University‘Looks Like A Teacher’
‘Looks Like A Teacher’
Tags:
October 5, 2012
Tags:
October 5, 2012

Duly recognized for her many years of loyal service to the Lasallian institution as an educator, Br. Josefina Alburo, AFSC, is an affiliate of the De La Salle Brothers.

Photo from the Green & White Yearbook (1963)

 

Today being World Teachers’ Day, The LaSallian finds it fitting to honor one of the most loyal partners of DLSU in education and continued service.

 

Still going strong at close to 90 years, Br. Josefina Alburo AFSC sat straightly and with serene dignity at Balik Berde, the June reunion of De La Salle College (DLSC) grade school and high school faculty and staff. Br. Alburo, fondly called Feny by her friends, is the oldest remaining faculty member of DLSC’s roster.

 

According to the Office of Strategic Communications (STRATCOM), affiliation in the institute is “the highest and most rare honor bestowed by the Brothers of the Christian Schools. The letters conferred entitles the recipient to a participation in the Institute, which is more than honorary. An affiliated member is incorporated intimately into the Society of the Brothers, his or her name is inscribed in the archives at Casa Generalize, the Mother House of the Brothers of the Christian Schools in Rome, and he or she shares with the Brothers in all the prayers and good works as well as in the general spiritual treasury of the Institute.”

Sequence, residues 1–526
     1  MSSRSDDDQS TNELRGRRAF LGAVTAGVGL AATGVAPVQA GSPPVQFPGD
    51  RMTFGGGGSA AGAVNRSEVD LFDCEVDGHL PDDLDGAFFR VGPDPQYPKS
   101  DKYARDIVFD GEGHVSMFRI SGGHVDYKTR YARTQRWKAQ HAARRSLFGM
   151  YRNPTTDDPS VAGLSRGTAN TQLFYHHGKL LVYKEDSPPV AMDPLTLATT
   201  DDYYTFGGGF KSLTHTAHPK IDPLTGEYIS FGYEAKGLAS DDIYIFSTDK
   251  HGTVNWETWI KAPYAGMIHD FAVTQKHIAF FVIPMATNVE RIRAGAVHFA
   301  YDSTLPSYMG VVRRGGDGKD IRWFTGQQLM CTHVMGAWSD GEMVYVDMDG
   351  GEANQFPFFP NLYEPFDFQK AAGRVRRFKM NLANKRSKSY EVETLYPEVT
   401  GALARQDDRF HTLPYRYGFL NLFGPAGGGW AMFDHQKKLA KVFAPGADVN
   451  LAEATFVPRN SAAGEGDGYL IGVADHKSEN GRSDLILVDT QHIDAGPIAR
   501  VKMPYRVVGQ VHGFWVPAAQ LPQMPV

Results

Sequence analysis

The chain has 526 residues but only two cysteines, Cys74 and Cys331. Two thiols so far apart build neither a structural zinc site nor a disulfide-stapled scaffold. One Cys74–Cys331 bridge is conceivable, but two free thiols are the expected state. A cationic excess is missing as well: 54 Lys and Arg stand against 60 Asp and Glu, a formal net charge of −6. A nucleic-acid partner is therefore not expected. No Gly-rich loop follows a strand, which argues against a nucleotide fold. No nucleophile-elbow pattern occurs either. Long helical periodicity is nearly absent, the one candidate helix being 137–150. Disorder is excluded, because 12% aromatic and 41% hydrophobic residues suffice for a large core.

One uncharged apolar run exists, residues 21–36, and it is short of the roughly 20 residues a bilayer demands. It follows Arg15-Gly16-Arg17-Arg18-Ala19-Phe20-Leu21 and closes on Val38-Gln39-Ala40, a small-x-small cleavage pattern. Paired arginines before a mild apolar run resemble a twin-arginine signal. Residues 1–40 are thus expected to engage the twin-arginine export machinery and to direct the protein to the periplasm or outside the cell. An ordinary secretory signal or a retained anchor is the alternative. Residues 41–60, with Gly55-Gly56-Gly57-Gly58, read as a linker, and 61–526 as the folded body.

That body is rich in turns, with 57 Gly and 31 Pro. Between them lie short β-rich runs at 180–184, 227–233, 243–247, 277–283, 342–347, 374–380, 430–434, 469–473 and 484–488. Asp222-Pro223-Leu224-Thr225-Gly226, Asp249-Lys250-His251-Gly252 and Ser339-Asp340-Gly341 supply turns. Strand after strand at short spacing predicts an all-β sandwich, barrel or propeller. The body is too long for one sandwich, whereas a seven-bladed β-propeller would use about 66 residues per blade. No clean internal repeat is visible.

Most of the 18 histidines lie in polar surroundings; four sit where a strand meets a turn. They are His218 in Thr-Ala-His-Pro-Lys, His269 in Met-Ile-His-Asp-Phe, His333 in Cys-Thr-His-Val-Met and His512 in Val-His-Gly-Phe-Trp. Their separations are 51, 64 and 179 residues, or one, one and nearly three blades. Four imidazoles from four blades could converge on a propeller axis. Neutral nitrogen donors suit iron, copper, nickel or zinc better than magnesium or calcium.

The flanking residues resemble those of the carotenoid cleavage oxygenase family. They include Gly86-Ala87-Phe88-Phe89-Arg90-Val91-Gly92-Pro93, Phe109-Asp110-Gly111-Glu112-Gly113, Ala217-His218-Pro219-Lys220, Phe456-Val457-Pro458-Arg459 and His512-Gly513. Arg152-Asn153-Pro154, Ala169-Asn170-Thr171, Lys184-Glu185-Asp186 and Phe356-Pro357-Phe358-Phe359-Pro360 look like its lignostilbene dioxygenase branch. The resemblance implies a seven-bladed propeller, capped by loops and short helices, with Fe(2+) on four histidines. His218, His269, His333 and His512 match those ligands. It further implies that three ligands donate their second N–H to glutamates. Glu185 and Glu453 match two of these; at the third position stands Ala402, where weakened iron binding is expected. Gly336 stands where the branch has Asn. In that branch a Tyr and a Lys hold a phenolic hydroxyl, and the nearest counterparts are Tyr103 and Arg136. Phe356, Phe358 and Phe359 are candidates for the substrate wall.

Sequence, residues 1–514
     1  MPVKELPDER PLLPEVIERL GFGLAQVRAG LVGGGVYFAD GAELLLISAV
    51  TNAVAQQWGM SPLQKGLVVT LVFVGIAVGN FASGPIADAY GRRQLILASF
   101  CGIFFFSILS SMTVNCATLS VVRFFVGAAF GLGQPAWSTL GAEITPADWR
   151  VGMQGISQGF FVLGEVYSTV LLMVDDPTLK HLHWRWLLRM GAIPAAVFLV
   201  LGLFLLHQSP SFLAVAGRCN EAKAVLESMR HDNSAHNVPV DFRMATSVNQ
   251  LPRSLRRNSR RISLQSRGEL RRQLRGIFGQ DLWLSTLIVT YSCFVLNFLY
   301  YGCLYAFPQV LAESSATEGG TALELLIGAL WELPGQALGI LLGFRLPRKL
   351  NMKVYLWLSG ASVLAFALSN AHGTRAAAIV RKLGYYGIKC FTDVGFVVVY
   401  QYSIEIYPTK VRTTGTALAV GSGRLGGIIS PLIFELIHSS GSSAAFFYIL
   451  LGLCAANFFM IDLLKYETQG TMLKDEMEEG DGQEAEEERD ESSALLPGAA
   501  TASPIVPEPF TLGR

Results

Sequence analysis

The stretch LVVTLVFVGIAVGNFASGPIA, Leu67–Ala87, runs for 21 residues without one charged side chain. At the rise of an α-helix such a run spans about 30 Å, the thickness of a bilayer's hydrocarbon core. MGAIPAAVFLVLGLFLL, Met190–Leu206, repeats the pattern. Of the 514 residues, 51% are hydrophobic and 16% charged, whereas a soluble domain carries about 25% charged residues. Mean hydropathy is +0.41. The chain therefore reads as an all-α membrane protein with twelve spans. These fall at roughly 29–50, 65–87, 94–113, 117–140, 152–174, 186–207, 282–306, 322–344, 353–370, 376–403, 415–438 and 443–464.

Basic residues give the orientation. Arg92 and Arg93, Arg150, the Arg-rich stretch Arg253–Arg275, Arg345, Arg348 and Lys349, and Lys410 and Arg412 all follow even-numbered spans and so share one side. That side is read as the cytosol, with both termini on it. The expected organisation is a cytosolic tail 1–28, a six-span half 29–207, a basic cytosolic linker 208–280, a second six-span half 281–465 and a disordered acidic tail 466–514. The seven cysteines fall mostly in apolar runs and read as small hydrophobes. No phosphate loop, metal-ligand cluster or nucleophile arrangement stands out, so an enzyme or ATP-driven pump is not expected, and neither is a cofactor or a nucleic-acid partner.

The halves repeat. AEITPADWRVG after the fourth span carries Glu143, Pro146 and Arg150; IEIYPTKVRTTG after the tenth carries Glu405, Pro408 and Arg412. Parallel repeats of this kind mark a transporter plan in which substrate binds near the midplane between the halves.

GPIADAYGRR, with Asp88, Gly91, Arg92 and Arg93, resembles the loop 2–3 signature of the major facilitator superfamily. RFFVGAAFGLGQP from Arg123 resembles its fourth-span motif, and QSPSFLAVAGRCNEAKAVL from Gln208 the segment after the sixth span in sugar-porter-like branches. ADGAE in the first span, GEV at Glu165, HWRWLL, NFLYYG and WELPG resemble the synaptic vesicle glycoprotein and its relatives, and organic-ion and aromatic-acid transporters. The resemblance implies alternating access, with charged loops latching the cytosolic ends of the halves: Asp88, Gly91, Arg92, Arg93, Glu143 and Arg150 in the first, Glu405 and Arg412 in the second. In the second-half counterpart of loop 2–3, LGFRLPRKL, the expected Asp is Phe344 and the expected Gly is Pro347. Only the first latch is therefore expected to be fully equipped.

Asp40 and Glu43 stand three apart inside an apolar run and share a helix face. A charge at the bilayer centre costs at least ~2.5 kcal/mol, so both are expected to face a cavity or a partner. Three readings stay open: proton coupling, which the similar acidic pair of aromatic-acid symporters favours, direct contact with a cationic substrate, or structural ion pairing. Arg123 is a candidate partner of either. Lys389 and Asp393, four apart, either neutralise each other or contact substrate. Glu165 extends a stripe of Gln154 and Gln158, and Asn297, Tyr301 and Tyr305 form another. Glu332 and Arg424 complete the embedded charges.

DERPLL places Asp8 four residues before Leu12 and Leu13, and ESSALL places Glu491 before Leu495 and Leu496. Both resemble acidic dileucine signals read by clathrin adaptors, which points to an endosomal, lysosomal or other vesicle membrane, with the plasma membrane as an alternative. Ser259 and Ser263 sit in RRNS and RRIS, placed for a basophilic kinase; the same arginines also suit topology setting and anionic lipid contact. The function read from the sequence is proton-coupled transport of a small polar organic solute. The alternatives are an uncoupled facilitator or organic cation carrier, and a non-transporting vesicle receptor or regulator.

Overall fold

She gestured towards the event hosts, Br. Bernie Oca FSC, and Ayi Magpayo of STRATCOM, and says, “Those two. They were my former students.”

 

While it may be far from the imagination of many Lasallians today, the Lasallites of DLSC vividly recall Alburo as principal and coordinator of the English department, passionately coaching students in their declamations.

 

Alburo did not mean to be an educator. Following the Second World War, she clarifies that she had been part of a special civilian unit of the US Army’s reconstruction efforts. “[Once], we met Br. Francis Cody. Francis Cody was the principal then. The teacher I was with was an A-1 teacher, and she said, ‘You look like a teacher. You want to come and teach here?’”

 

Of course, the would-be principal of DLSC declined, given that she had been stationed at V. Mapa, and then Padre Faura, which was her base as part of the Recovered Personnel Division of the US Army. On June 1952, Br. Cody once again called Alburo, saying, “Come to La Salle.”

 

Alburo told her immediate boss that Br. Cody offered her a teaching job; her boss told her to take it, but to report in at Padre Faura. “The classes were only from 8 to 12 noon,” recalls Alburo. “So every afternoon, I would go back to Padre Faura. That’s how [it was], how I got here.”